6 more punters with a random assortment of ailments. One requiring urgent hospital admission for a possible embolism which puts the rest around 15 min's behind.

12.20 (but really 12.35) Driving License Renewal Medical.
HGV and PCV (that's lorries and busses to you and me) drivers need a five yearly license medical. 20 minute exam and form filling exercise. Passes without incident.

13.00 Home visits. Two today that will take us to 14.00 and lunch. On the way one lady with nasty pain after shingles last month. We had hoped Zovirax would have headed this off, but no such luck, so now we will need top notch pain relief, probably for a few months-- drat. T'other had come over "all unnecessary" this morning and in the end turns out to have cystitis-- a powerful confuser of little old ladies (and indeed little old men, though less often for reasons too boring for here and now). At least she should be better after 3 days on antibiotics.

14.00 Lunch. Life being too short to make sandwiches, Mr Sainsbury is called upon to provide and does so admirably, which takes us to 14.15 and...

14.15 Phone calls (5) of which three count as "worried well" and two relate to consultations a few days back and effects of the pills therefrom. Then repeat prescriptions 25 to sign and 10 or so to be updated and reprinted for signature.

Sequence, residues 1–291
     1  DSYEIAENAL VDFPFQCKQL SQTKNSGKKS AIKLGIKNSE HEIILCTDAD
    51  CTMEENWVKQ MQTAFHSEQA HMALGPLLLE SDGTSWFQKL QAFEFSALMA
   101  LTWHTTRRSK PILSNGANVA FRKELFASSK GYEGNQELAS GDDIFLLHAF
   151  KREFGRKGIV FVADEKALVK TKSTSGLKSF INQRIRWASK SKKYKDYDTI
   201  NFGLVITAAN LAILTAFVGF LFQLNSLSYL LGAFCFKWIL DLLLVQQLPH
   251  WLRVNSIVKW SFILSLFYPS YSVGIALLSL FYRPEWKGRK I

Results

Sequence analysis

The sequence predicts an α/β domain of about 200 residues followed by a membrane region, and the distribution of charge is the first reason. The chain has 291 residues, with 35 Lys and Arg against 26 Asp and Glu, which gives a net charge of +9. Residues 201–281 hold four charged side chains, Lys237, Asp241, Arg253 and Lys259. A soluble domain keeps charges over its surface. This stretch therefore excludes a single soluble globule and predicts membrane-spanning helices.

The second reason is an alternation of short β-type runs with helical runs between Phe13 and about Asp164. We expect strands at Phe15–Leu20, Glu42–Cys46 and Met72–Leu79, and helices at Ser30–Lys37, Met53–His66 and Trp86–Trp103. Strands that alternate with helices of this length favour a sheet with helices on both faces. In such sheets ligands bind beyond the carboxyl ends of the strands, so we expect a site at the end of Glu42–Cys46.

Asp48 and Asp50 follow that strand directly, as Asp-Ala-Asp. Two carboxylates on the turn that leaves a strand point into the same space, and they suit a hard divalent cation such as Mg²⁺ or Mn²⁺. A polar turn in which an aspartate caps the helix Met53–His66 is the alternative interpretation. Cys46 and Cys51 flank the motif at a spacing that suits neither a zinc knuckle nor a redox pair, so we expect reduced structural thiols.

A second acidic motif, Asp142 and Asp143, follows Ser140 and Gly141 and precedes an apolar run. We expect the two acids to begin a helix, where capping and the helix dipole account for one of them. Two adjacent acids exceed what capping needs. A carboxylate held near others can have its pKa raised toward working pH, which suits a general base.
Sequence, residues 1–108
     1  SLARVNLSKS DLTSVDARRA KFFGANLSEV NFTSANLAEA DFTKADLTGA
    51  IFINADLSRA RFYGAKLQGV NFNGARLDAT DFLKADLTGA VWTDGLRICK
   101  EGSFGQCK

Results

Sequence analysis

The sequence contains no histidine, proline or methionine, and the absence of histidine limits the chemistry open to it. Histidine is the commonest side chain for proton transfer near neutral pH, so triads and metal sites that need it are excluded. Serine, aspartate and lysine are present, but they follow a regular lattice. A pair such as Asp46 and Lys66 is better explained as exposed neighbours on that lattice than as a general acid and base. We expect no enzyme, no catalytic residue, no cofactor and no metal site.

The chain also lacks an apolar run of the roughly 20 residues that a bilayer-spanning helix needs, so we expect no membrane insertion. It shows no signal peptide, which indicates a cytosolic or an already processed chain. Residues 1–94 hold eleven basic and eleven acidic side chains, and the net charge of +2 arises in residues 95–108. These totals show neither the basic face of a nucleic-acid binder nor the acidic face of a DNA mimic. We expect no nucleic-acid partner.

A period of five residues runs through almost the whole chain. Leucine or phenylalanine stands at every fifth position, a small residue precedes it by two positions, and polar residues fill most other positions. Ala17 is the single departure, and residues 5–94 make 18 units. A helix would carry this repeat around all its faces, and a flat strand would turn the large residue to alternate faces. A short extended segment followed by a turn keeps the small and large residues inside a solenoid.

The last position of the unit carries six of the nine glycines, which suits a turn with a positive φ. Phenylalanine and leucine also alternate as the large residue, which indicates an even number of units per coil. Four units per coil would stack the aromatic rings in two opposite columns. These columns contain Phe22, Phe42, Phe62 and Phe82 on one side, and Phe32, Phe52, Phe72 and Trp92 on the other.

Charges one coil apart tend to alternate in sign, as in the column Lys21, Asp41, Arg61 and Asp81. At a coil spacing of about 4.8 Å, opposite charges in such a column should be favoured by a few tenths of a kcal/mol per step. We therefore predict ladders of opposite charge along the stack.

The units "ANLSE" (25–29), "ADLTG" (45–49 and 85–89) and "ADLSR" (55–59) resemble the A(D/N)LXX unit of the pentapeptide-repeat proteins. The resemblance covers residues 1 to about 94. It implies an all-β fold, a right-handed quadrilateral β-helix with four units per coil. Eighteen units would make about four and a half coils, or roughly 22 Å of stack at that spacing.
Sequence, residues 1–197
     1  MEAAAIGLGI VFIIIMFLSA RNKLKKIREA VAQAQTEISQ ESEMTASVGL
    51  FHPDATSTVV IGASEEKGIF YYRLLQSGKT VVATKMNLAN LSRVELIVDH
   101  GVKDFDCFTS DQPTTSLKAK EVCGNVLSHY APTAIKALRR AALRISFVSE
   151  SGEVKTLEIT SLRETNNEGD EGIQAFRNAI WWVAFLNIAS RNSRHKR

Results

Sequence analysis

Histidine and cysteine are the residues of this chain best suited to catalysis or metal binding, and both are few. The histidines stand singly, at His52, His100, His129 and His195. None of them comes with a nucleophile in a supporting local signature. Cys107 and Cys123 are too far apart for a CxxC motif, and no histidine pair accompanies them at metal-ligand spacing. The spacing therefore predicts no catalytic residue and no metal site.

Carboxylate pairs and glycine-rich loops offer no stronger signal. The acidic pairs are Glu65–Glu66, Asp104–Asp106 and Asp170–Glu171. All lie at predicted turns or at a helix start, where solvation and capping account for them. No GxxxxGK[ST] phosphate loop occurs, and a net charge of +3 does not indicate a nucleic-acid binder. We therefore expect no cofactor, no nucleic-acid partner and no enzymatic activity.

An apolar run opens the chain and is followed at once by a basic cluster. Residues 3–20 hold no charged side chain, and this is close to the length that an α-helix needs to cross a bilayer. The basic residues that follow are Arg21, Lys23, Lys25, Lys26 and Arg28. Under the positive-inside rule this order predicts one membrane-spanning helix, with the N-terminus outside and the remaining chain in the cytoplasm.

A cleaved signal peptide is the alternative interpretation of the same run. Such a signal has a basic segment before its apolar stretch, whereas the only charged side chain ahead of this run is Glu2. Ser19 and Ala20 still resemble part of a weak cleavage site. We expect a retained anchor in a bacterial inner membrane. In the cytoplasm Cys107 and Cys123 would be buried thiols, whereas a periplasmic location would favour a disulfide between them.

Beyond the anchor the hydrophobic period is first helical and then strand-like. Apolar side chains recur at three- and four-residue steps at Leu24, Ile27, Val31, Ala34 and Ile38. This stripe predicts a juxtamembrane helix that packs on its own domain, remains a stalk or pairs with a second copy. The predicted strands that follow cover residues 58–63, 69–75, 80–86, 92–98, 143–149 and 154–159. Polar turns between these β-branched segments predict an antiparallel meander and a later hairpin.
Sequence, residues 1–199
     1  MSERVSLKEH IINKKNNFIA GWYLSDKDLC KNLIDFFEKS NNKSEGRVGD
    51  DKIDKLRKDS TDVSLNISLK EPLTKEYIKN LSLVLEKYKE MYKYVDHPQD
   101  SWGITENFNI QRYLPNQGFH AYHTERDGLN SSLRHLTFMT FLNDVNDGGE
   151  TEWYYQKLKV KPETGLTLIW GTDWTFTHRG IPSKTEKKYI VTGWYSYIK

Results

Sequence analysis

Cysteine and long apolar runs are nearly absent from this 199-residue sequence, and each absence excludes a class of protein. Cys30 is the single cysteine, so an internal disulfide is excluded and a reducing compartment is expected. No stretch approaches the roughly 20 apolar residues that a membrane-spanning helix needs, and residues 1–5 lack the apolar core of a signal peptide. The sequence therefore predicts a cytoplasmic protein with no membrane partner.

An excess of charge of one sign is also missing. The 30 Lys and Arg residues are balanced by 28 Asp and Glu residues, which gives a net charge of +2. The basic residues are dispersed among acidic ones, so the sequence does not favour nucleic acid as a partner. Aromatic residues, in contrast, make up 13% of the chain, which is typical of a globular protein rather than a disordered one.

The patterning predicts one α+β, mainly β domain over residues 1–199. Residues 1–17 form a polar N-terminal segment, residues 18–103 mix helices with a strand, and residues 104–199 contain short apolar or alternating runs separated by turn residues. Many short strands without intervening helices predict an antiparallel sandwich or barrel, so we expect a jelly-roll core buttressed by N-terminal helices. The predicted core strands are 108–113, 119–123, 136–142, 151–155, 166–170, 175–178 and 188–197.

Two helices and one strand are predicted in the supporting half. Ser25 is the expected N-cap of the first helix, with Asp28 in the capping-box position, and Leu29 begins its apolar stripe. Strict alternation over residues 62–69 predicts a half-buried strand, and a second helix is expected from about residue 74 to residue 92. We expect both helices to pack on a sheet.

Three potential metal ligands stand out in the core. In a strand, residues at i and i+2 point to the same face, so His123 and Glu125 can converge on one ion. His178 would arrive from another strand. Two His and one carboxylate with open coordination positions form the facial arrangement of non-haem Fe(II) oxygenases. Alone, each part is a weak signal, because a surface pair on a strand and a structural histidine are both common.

Now, when I was a lad repeat prescriptions usually ran to a blood pressure pill or two and the odd painkiller. Nowadays most repeats are for 4 or 5 items, which for the over 50s will more than likely include a statin, aspirin, at least 2 blood pressure lowering agents, something for heartburn, and one or two items to overcome the side effects of the other meds, so they warrant a bit of scrutiny, even when they look routine.

15.00 Afternoon Surgery
3 straight hours consulting. We don't break for Tea, so the machine on the desk supplies a steady stream of Java straight to the Jesterly mug-- well from the jug on the hotplate at least...
The surgery will be pretty much a reprise of the morning, or will, once a week, be an all comers "Duty Surgery" for really urgent sore throats and ingrowing toenails-- o.k. I may be exaggerating, but the definition of urgent is mutable depending on which side of the desk you're sitting. To be fair last duty surgery saw me admit three patients urgently to hospital where often I can go months without admitting anybody-- in the words of the song "it goes to show you never can tell".

18.00 Notional end of afternoon surgery, often overtaken by events so average end of surgery closer to 18.20 (worst this year so far closer to 19.05).

18.20-? catch up on calls, write up home visits, stare blankly at the walls waiting for the caffeine buzz to wear off enough to be safe to drive home.

Scattered through the day will be emails (professional and personal) and on any given day, laughter, tears, births, marriages and deaths, blood, sweat and tears. In short about as much fun as you can have with your clothes on and staying within the law.

Not quite the two surgeries and an afternoon on the golf course in between of yester-year that everybody still assumes to be the norm.

Still I wouldn't want it any other way now would I.


alhi said...

That was fascinating! Just strengthens my belief I did the wrong degree:(

Doctor Jest said...

alhi-- oops. Sorry :-(

alhi said...

Ah, don't worry about it Dr J. I've known for quite a while I did the wrong course at uni. Just too old to do anything about it now, and believe me I have looked into it!